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The Pastor’s Piece – July 10, 2022

The Pastor’s Piece


July 10, 2022


Top Ten survivalist questions: 1.  Do you know how to survive a dirty bomb?  2.  Do you know how to start a fire with a glass bottle?  3.  Do you know how to preserve food?  4.  Do you have a stockpile of rice and beans and canned goods and meat?  5.  Do you own a solar powered generator or even a solar flashlight?  6.  Do you have a hard copy contact list in case our electronics crash?  7.  Do you have a first aid kit and tool box?  8.  Have you studied wild mushrooms and edible insects?  9.  Do you know how to waterproof your matches?  And # 10.  How many rolls of toilet paper do you have in the garage? 

Should Christians be Doomsday preppers?  God promises to provide for His children but that doesn’t mean that we can just sit back and expect God to just plop everything in our laps.  The Scriptures warn us about being lazy.  2 Thessalonians 3:10:  “If anyone is not willing to work, then he is not to eat, either.”  Proverbs 6:6-9:  “Go to the ant, O sluggard (and learn).”  The whole point is that it’s wise to plan ahead based on what we know.

I’m a Doomsday prepper in the sense that I’m concerned about being ready to meet my Maker, and being sure my trust is in the finished work of Jesus Christ on the cross for the forgiveness of my sins.  My preparation isn’t to hide out in the caves and the rocks like those in Revelation 6, calling out to their mountain bunkers to “hide us from the face of Him who is seated on the throne, and from the wrath of the Lamb.”  My preparation is to be ready to approach that throne with confidence knowing that I am safe from wrath because I’ve been forgiven.  Matthew 10:28 says:  “Do not fear those who kill the body but cannot kill the soul. Rather fear him who can destroy both soul and body in hell.”

Shane Hobel teaches students wilderness survival and preparedness at the Mountain Scout Survival School in Putnum County. (Kristen V. Brown/Times Union)

Here are a few Biblical principles in the physical application:  1.  Whatever your preparation looks like, remember it’s not to be selfish.  For the Christian, the point isn’t to boast about being the wise ant and outsmarting all the lazy grasshoppers, but to be the wise ant and then be generous with what you have.  If you’ve prepared for a famine, your mission field during the famine is to share the gospel of Jesus to your neighbors as you’re giving them life sustaining gifts.  2.  Whatever your preparation looks like, remember it’s not all meant to be tangible.  Jesus said in Matthew 6:19-20:  “Do not store up for yourselves treasures on earth, where moth and rust destroy, and where thieves break in and steal.  But store up for yourselves treasures in heaven.”  Our real stockpile isn’t invested in money boxes, gun safes, and food pantries, rather, our investments, our treasure and our real nest-egg exists in our relationship with God, the redemption of our souls, our relationship with fellow brothers and sisters in Christ, and those we want to see become brothers and sisters in Christ.  3.  Our preparation isn’t about survival.  We were chosen, created, and born for a slightly larger objective.  And therefore, whatever preparations we make in life should ultimately be to enable us to go about what we’re here to do – which ultimately is to bring glory and honor to our Creator God.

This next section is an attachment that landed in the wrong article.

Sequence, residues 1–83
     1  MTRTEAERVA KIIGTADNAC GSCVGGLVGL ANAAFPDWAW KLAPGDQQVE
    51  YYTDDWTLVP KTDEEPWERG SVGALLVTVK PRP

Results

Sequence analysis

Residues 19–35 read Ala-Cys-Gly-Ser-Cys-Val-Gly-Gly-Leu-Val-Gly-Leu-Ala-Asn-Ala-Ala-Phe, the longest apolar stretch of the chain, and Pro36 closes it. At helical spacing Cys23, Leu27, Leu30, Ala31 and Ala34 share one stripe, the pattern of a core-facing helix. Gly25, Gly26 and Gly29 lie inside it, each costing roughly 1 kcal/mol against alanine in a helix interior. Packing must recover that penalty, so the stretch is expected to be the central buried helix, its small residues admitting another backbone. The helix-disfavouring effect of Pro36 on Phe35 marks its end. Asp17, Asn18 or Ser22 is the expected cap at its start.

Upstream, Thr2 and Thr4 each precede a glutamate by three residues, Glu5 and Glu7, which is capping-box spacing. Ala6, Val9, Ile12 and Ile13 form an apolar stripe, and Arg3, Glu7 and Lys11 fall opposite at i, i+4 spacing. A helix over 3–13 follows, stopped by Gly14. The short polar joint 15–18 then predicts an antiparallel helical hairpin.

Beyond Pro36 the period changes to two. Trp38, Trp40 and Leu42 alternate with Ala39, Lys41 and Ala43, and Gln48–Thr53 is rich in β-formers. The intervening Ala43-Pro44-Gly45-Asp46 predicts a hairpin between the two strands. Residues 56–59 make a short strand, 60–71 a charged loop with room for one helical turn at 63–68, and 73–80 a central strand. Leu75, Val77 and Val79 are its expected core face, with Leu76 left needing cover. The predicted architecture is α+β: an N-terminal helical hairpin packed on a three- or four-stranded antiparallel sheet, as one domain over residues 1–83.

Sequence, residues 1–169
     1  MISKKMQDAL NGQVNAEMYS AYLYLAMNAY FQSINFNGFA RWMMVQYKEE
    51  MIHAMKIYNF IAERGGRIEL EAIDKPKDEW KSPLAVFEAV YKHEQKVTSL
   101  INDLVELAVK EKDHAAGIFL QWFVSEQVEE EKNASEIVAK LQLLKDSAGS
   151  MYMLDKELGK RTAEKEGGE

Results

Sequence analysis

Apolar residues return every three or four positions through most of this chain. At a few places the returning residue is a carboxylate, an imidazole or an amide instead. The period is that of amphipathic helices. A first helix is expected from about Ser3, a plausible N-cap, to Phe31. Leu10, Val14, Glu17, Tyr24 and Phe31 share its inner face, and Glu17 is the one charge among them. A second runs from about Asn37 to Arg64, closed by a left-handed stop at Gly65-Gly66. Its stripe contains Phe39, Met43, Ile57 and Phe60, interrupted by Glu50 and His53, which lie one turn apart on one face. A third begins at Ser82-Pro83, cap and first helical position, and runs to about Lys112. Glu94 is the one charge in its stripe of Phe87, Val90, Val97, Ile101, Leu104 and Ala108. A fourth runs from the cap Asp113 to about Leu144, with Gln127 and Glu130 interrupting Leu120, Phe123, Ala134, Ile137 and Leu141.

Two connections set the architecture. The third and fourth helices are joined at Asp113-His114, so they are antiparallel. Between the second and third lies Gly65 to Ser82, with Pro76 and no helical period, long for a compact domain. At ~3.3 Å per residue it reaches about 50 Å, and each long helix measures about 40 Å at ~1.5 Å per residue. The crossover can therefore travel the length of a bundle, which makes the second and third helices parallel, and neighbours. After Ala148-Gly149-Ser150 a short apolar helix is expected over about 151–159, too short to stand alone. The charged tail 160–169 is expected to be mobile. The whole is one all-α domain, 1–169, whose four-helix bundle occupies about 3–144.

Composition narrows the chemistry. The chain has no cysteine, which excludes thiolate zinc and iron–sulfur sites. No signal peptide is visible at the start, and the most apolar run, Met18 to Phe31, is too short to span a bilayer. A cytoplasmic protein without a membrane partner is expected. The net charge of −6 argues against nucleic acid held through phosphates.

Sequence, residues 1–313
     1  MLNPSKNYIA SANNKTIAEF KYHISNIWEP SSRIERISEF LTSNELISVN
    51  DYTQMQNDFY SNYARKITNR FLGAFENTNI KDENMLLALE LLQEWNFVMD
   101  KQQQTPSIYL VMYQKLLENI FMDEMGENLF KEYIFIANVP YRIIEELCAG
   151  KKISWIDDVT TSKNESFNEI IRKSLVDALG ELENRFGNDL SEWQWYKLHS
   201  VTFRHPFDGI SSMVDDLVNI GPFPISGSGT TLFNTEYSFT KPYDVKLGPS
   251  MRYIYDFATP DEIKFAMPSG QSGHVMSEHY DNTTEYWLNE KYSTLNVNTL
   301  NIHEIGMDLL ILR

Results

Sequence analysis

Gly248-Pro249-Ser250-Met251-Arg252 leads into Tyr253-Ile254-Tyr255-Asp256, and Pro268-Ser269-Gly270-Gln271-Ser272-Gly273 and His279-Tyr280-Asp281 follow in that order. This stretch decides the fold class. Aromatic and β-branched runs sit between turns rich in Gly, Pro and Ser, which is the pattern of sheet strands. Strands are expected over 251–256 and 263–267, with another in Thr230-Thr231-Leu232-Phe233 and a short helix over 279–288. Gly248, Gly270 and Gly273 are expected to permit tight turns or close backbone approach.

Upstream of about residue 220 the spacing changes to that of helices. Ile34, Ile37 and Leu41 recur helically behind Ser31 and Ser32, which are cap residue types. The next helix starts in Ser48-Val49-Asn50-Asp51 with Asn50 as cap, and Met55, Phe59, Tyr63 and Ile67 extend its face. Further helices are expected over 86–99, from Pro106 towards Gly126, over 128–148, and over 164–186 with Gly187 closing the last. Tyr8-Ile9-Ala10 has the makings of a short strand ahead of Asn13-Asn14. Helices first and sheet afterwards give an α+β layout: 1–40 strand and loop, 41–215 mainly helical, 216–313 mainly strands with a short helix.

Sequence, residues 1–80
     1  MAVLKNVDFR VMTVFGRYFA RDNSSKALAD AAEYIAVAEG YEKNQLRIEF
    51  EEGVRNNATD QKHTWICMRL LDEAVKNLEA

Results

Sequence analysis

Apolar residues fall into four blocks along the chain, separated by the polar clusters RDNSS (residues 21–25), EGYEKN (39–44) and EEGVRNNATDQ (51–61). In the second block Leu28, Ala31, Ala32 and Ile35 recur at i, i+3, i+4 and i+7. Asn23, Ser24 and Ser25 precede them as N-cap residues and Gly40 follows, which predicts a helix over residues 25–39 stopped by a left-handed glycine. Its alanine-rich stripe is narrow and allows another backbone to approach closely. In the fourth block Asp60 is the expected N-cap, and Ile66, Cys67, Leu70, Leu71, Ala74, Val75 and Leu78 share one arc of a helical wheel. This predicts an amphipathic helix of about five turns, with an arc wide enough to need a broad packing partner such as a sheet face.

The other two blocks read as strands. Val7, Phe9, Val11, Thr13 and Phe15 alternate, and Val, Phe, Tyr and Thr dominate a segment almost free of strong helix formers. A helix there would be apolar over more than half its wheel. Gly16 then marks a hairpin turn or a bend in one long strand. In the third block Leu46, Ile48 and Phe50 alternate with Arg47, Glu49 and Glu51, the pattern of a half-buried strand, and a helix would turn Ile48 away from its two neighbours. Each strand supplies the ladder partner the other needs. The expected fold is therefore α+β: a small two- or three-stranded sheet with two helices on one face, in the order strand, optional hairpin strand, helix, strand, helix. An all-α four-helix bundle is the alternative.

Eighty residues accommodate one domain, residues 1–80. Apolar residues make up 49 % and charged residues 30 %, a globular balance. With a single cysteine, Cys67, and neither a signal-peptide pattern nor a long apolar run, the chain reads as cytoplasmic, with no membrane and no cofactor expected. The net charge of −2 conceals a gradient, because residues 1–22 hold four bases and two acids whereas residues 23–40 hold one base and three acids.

It’s good to be ready for hard times ahead, but it’s even better to be ready to stand face to face with God. 

(Kevin Cernek is Lead Pastor of Martintown Community Church in Martintown, Wisconsin)